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Indiana struggles to reverse its high early death rate, a Texas sheriff recommends criminal charges in DeSantis' migrant flights to Martha's Vineyard, and Congress is urged to take swift action to pass the Rail Safety Act of 2023.

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Former Vice President Mike Pence files to run for President, FBI Director Chris Wray is the subject of new hearings, and a Muslim rights group is suing a Michigan sheriff for discriminatory policies.

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Oregon may expand food stamp eligibility to some undocumented households, rural areas have a new method of accessing money for roads and bridges, and Tennessee's new online tool helps keep track of cemetery locations.

Energy Market for Wood Pellets Globally Threatens U.S. Forests

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Monday, March 20, 2023   

Overseas markets could be harming forests in the U.S. Demand for wood pellets for biomass energy has increased dramatically around the world, especially in Europe where burning wood is treated as renewable energy and heavily subsidized.

The UK-based company Drax Group plans to build a 450,000 ton per year wood pellet plant in Longview.

Peter Riggs, director of the Washington state-based nonprofit Pivot Point, said the region has a productive wood sector.

"This new wood pellet plant proposed for Longview is very different," Riggs pointed out. "First of all, it's not for the domestic market, it's not making pellets for home stoves. It represents a substantial and entirely new source of wood fiber demand for export."

Riggs said much of the biomass would be bound for Asia. His organization signed a letter, along with more than 100 others in the U.S. and Canada, calling for the European Union to stop incentivizing wood burning as renewable energy.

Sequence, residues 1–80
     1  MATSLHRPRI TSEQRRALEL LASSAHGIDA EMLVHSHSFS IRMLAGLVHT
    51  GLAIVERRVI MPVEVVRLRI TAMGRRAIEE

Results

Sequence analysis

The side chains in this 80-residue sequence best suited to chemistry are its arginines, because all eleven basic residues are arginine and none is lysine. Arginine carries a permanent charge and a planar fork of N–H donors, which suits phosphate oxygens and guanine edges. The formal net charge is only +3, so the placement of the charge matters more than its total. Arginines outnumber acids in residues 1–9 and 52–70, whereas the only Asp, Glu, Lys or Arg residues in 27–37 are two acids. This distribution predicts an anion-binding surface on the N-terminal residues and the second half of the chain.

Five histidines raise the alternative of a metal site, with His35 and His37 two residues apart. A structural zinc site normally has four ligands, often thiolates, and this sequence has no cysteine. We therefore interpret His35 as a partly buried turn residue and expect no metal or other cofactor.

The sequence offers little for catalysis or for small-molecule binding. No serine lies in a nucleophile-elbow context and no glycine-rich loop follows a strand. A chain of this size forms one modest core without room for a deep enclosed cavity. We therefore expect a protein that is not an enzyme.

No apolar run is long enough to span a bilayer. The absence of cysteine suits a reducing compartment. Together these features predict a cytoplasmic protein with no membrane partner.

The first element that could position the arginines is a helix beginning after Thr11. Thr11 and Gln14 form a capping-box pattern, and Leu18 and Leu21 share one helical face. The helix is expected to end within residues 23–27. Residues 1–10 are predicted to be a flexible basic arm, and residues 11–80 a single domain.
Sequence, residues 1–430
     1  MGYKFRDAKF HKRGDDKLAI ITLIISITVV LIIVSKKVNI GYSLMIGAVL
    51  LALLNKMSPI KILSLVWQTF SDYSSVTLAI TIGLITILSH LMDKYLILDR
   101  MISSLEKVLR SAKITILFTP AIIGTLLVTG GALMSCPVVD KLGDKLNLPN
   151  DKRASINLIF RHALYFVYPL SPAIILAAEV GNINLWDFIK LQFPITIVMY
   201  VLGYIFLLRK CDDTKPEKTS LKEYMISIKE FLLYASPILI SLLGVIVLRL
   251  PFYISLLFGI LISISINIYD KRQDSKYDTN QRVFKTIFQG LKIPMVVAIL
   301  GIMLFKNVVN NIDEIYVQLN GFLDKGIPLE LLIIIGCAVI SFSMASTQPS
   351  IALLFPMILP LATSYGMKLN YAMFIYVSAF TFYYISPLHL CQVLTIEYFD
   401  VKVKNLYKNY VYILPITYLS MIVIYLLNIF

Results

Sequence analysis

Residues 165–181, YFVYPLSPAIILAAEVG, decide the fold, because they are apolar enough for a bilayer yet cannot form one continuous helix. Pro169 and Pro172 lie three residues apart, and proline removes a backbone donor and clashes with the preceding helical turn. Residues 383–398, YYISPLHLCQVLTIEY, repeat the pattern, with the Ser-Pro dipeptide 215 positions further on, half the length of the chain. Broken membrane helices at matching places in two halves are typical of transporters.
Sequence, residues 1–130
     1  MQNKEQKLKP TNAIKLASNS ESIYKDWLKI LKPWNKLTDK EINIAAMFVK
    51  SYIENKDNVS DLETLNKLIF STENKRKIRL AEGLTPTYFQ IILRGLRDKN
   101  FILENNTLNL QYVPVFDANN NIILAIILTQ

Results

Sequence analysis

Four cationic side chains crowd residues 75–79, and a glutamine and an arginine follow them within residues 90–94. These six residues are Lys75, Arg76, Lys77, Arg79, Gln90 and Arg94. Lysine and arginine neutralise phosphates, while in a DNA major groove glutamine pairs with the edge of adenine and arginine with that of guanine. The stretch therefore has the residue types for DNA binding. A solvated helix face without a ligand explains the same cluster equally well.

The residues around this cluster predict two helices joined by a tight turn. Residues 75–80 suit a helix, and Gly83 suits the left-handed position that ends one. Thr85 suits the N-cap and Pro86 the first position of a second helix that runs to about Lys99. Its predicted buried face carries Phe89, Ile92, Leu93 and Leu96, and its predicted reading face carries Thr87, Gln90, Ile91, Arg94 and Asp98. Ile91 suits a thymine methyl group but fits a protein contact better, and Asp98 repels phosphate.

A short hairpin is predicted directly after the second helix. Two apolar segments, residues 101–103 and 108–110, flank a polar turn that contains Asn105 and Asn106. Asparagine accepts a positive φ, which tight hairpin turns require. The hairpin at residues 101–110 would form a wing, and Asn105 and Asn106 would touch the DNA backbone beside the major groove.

Laura Haight, U.S. policy director for the Partnership for Policy Integrity, said despite its label as renewable energy, burning wood from forests one of the worst activities for the environment. It releases emissions when burned and removes trees that store carbon. Haight's organization also signed the letter to the European Union, urging it to no longer classify forest biomass as renewable.

"It's the money that's driving this system," Haight asserted. "If they change that policy, then this will no longer be subsidized, and we can see a better future for our forests and for our climate."

Riggs noted solar and wind energy were subsidized, and the costs have gone down dramatically. However, the same is not true for forest biomass. He emphasized plant operators have struggled to reduce the costs involved in sourcing, transporting and burning biomass fuels.

"If they're going to subsidize it, you kind of got to subsidize it forever," Riggs contended. "But with wind and solar, those are already cost-competitive."

Disclosure: The Partnership for Policy Integrity contributes to our fund for reporting on Climate Change/Air Quality, Energy Policy, Environment, Environmental Justice. If you would like to help support news in the public interest, click here.


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